© Reuters. Press Secretary Jen Psaki holds White House press briefing
By Laurie Goering
LONDON ( Thomson reuters (NYSE 🙂 Foundation) – Widespread distrust of science and disputes over fundamental facts, linked to growing political polarization and disinformation campaigns, are undermining efforts to tackle climate change in the United States. globally, warned US climate envoy John Kerry.
At a virtual summit hosted by the Nobel Foundation and leading science academies this week, Kerry said building greater public understanding and agreement on the world’s “existential” challenges was crucial to deal.
“We have to establish a basis of truth or we cannot build consensus in a democracy,” he said.
The “paid denial” of climate change by big polluters and the political disregard of some governments for scientific warnings about the risks of COVID-19 “are costing us a lot,” he added.
Kerry said meeting climate goals quickly enough was “a burst of steroids” – and called on scientists to help communicate the urgent need for swift action to the public.
“Scientists want to avoid the fray – but we are in a war on denial,” he said. “I think we have to fight back, and I think scientists have to be at the forefront of this fight.”
Despite the COVID-19 pandemic, global emissions from fossil fuel use are still on an upward trajectory, even though scientists say they need to halve in just nine years to avoid the worst impacts of climate change .
The increase in emissions is happening even as renewables like solar are now the cheapest form of new energy in two-thirds of the world – and probably the cheapest almost everywhere within five years, the former said. US Vice President Al Gore.
He believes the world is “now passing the long-awaited tipping point” towards stronger action on climate change, as social movements, innovation and lower costs help generate more promises of net zero emissions and to accelerate green measures.
“We have the solutions we need and we are winning the political will to implement them,” he said.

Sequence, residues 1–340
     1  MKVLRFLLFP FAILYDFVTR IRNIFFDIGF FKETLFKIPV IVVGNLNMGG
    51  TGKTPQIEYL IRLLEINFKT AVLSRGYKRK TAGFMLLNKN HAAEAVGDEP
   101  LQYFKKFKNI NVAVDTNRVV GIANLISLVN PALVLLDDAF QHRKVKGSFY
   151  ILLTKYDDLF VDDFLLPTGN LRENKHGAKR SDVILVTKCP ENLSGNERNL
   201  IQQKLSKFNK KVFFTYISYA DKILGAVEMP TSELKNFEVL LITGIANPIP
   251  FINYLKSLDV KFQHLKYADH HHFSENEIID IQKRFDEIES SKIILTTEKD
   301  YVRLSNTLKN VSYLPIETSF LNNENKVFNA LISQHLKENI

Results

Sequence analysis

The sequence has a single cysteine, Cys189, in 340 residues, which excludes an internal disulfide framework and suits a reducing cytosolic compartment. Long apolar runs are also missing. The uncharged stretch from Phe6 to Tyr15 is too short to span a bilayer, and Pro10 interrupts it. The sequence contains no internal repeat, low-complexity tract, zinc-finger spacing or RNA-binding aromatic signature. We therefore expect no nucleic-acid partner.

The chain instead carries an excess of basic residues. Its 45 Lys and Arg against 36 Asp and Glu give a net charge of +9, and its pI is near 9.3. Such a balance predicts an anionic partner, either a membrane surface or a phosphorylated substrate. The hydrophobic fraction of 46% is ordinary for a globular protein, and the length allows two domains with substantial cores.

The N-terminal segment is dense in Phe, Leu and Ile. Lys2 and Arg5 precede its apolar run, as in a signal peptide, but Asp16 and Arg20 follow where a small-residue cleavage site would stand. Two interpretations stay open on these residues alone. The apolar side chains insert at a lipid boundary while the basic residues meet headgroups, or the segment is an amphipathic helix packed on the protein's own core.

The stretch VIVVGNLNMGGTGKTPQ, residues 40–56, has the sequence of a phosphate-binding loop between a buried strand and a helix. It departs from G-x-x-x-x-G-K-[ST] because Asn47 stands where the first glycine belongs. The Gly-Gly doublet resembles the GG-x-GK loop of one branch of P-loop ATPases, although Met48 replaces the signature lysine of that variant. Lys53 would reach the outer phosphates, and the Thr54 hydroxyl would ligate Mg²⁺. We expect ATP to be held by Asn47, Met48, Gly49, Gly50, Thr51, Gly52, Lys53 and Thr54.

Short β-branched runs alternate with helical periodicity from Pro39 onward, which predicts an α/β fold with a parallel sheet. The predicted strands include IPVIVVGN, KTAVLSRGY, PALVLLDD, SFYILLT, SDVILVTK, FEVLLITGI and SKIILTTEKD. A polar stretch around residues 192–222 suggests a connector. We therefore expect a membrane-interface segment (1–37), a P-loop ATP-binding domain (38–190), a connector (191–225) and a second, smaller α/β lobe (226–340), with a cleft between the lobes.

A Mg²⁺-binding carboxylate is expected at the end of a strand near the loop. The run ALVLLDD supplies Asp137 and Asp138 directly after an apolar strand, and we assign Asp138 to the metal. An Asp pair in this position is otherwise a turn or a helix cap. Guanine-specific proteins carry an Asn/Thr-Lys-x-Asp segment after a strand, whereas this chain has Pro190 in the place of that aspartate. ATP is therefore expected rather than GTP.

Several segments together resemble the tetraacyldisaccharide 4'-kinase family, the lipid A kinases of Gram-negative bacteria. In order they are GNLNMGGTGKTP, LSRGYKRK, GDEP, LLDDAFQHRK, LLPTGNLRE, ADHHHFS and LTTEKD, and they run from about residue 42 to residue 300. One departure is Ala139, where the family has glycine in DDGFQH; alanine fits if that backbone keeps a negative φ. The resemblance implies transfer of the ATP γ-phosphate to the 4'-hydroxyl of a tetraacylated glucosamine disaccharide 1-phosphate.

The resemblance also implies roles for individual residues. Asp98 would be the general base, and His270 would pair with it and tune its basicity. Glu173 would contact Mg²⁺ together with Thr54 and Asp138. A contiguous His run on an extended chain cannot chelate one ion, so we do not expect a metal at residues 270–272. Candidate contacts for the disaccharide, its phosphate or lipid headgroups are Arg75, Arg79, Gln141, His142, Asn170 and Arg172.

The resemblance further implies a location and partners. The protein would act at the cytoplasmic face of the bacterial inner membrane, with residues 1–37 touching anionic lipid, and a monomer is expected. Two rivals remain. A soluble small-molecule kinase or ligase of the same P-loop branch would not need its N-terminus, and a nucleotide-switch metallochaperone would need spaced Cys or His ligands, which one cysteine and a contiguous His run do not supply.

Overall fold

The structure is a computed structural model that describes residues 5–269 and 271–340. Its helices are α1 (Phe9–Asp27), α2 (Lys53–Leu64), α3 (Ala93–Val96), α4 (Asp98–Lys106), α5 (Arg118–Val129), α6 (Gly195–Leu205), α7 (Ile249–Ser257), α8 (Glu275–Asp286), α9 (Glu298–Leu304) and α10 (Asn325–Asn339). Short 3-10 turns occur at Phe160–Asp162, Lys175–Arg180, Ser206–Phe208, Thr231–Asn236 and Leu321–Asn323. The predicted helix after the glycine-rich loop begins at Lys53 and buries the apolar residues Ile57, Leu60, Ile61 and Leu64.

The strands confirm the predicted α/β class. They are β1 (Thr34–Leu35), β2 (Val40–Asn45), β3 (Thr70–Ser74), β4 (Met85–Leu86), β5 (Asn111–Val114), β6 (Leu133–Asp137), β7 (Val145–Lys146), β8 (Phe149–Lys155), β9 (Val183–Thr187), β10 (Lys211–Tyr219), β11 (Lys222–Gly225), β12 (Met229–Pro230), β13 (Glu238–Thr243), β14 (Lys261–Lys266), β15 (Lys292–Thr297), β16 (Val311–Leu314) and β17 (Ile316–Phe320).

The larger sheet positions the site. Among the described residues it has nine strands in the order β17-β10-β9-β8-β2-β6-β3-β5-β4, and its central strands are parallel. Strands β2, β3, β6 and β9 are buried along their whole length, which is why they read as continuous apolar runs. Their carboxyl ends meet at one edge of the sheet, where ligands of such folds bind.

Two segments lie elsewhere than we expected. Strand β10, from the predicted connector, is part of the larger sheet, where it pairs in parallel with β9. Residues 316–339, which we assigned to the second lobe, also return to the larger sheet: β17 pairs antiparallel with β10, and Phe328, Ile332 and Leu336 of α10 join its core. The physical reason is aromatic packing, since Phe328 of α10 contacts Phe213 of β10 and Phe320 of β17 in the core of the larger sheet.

But former Nobel laureates, scientists and activists have warned that changes are still happening far too slowly, with time to turn ambitious promises into very short actions on the ground.
Xiye Bastida, a 19-year-old climate activist who emigrated to the United States after her home in Mexico was destroyed by flooding in 2015, said scientists need to do more to ensure their understanding of climate threats reaches the decisions-makers,
“When you make the discovery of a life, it has to go into the public policy area,” she said.
Sandra Diaz, professor of ecology at the National University of Córdoba in Argentina, said making big emission reductions a reality would force governments and individuals to think much more about their behavior.
“What we choose to eat, buy, burn, support or ignore each day has impacts,” she said.
Steven Chu, Nobel laureate and professor of physics at Stanford University, said that a huge task ahead is to wean global economic systems from continued growth as the main goal, something incompatible with resources. limited from Earth.
“You have to design an economy based on no growth or even on diminishing growth,” he said, arguing that “prosperity” could be sustained even if this approach were taken.
CALL FOR COOPERATION
David Panuelo, President of the Federated States of Micronesia, told the event that some of the 607 islands in his Pacific island nation would disappear when the war ended, a reality he called “very deep and frightening” .
He urged the UN Security Council to recognize the enormous threats posed by climate change and called for much greater international empathy to tackle global issues – something often in short supply during the COVID-19 pandemic .
To build a better and more secure world, everyone must “promote peace, friendship, cooperation and love in our humanity,” he said. “Only by pursuing these ideals can we also seek peace with nature,” he added.
Johan Rockström, director of the Potsdam Institute for Climate Impact Research, one of the organizers of the event, said global partnerships have in the past allowed nations to overcome huge obstacles, as in the aftermath of World War II .
“We are a resilient species … Cooperation is our superpower,” he said.
To tackle the common problem of a heated planet, “we need, more than ever, broad alliances for change,” he said.